Like the Roller Coaster?


They say if you live long enough, you’ll see just about everything. Enter: Jack Bogle. He is one gentleman who has seen, lived through, and witnessed quite a ride in the stock market. He’s seen the market drop by over 50% two times, including a drop of 25% in a single day. Yet over his past 66-year career (he’s semi-retired), he recently stated that he has never seen anything like the volatility happening in the markets right now (2018).

While you may not know who Jack Bogle is, I’m sure you’ve heard of the company he founded: The Vanguard Group. According to a New York Times report in 2017, The Vanguard Group had more than $4.2 trillion under management. You may find it frightening or even disconcerting that a person coming from one of the largest investment firms in the world and one who has been working in the industry for 66-years made a statement like that.

Tough Skin Needed

Wild market swings have happened since the beginning of the stock market. People speculate, anticipate, and make investment choices based on fundamental and technical indicators. For the first quarter of 2018, the broad US stock market index known as the S&P 500 had 23 trading days with a 1% or greater daily move. According to Nicholas Colas, co-founder of DataTrek Research, the historical average — going back to 1958 — is normally 13 trading days over that same period.

I know all too well how it feels to watch investment valuations move up and down. Managing my clients’ assets is a primary aspect of my job. I also manage my own family’s assets and am plugged into the market all day. I know the feeling of seeing my own investment portfolio down 45 percent or more, and not knowing ‘when’ it would start to trend upwards. I have learned that I cannot control the market direction nor can I control or predict the timing of such. And neither can anybody else.


Disciplined investing is a funny thing. Can you imagine paying your financial advisor to tell you to “do nothing?” Would it be the same as a diet coach telling you not eat that donut—in other words, sitting at the table doing nothing for 5-minutes would be better than eating a donut?

Some people make investment choices based on what they hear from the latest new outlets, while others make investment choices based on what their friends think the market is going to do. There are even people who make investment choices based on “seat of the pants” feelings or just because they like or don’t like a company’s name.

What if “doing nothing” with your investment was the best paid advice you could get? For those investors that lived through the 2007-2009 recession (aka: The Great Recession), the S&P 500 index has climbed from a low of 666 on March 6, 2009 to today’s (April 10, 2018) closing index value of 2,657. That is a 261% gain!! And you could have participated in much of those gains by doing – you guessed it – nothing.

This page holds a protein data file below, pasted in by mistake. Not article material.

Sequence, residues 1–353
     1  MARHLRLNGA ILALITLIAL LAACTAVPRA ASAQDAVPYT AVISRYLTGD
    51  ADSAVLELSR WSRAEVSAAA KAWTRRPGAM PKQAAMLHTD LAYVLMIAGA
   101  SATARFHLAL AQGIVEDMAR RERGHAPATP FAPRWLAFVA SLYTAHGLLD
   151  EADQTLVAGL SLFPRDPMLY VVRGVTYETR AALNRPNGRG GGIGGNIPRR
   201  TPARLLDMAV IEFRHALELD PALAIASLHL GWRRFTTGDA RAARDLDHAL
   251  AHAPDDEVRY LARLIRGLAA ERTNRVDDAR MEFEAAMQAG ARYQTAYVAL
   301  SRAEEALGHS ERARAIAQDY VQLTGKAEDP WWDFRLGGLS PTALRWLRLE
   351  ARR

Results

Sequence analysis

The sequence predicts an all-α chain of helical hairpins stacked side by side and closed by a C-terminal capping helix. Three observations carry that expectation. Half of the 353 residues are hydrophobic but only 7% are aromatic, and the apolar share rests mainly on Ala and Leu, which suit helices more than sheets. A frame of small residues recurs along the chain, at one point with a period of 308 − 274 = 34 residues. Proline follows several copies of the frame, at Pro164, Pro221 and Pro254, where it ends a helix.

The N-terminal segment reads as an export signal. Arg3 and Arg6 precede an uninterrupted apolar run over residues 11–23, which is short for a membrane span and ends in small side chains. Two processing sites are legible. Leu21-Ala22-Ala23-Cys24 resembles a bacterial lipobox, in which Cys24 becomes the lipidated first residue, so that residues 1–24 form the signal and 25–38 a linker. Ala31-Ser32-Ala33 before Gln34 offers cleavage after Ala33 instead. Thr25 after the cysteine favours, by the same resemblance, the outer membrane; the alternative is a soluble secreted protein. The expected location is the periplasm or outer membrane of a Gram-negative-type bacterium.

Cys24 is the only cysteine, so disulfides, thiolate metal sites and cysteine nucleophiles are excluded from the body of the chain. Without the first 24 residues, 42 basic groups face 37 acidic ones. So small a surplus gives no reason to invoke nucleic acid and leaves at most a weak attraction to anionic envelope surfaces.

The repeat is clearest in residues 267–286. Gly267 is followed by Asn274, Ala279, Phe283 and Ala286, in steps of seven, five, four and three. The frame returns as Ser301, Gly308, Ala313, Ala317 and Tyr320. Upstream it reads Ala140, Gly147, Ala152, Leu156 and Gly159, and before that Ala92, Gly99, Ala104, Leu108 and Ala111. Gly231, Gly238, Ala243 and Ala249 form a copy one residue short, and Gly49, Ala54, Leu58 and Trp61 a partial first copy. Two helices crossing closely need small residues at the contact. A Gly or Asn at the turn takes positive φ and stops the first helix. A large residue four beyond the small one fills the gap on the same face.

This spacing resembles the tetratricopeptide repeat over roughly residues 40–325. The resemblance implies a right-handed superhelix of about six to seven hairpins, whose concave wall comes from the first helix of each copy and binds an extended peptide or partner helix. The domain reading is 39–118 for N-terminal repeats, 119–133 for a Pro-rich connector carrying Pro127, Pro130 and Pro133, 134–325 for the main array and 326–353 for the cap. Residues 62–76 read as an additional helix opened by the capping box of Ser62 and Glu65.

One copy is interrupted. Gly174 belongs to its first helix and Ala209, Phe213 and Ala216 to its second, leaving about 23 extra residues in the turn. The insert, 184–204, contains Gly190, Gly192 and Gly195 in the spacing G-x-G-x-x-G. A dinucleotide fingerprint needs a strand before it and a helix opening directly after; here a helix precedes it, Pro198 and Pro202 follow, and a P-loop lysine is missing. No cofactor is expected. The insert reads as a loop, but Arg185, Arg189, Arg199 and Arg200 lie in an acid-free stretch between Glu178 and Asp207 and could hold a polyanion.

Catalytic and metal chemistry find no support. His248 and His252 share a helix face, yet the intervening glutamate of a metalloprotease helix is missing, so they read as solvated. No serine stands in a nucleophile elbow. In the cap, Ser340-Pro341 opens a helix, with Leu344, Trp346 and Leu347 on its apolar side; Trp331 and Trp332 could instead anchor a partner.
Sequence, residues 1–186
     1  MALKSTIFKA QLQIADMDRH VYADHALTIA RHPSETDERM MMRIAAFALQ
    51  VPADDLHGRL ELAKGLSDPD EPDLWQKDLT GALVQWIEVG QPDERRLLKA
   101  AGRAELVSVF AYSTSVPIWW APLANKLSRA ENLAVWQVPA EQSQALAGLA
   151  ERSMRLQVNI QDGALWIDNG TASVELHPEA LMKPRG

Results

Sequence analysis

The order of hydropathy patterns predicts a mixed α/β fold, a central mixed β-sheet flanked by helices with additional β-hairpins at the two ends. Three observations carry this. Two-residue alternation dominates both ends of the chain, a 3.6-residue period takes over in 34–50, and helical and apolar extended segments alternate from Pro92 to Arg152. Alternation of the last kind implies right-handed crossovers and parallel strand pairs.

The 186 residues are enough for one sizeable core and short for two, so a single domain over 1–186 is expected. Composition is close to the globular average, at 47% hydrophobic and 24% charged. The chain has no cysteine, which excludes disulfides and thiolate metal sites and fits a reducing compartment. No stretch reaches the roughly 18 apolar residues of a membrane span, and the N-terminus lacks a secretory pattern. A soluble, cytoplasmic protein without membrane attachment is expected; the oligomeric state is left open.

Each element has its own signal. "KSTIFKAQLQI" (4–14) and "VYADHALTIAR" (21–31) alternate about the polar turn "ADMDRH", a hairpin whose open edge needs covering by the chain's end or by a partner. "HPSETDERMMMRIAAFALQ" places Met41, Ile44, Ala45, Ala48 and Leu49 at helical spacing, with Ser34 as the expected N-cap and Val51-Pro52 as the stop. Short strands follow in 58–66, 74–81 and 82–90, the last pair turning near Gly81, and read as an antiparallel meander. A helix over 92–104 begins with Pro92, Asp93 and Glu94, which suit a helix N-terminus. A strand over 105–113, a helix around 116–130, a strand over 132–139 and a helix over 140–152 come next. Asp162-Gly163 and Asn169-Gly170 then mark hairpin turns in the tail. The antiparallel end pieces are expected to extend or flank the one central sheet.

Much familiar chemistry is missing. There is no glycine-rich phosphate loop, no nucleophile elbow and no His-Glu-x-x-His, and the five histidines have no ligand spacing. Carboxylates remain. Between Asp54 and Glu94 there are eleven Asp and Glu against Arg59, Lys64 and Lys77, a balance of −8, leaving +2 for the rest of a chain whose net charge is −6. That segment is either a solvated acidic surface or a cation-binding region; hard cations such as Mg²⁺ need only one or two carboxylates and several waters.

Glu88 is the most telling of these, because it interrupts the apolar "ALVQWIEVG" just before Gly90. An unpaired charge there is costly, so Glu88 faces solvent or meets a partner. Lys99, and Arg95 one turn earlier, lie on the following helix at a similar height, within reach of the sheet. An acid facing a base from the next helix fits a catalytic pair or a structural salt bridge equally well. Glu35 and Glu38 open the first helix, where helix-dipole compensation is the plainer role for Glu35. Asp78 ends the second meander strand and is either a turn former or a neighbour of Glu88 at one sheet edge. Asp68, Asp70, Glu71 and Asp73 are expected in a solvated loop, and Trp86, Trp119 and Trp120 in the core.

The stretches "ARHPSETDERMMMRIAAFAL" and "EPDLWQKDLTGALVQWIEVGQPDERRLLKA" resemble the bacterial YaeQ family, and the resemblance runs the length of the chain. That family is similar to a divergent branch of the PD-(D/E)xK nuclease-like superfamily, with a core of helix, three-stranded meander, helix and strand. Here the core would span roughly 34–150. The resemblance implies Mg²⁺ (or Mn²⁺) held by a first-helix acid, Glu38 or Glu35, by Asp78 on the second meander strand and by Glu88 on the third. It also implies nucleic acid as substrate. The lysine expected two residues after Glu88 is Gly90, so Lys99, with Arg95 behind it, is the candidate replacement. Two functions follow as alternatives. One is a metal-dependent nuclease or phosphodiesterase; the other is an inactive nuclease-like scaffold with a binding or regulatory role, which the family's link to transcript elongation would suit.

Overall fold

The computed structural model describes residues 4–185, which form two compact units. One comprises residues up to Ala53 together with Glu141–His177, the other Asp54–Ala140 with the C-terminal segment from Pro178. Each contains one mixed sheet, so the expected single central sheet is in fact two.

But there were many people who were so sickened to their stomachs in watching the values of their 401(k), IRAs, homes, and trust accounts drop, that they pulled out and ‘went to cash’…never to get back in. These were the investors who locked in their losses. These were the investors who didn’t have the discipline to stick to their investment plan. And these were the investors who most likely didn’t have an investment advisor who could have given them advice to, “do nothing.”

The Practitioner

Let me be clear: I’m not here providing blanket investment advice for the masses or all of my clientele. And I’m not suggesting that ‘doing nothing’ is great investment advice. Rather, my point is that we are currently experiencing increased volatility in the market which is going to make some people second guess their willingness to incur risk and volatility within their investment accounts. For these clients, I encourage you to call me to discuss your concerns.

Investing based on your risk-tolerance, timeline, and type of account are some major factors that dictate how your particular investment mix might be constructed. What is good for your neighbor or uncle may not necessarily be right for you. And following your gut instinct (at least in relation to the stock/bond market) is certainly not a recommended investment approach to take.

Frequent conversations with your investment advisor or financial planner is important. Investing in the stock market is not necessarily something that your parents, coaches, teachers, or bosses taught you about. Most schools don’t offer investment classes as part of a general curriculum. Yet most people, if not all, will have some investment decisions to make throughout their lives. The questions that remains is ‘who do you go to for advice?’

If it’s been a while since we’ve spoken, let’s connect. Planning for possible “not so pleasant” times is something that we can discuss. I’ll leave you with a quote from Benjamin Franklin: “By failing to prepare, you are preparing to fail.” Let’s talk soon.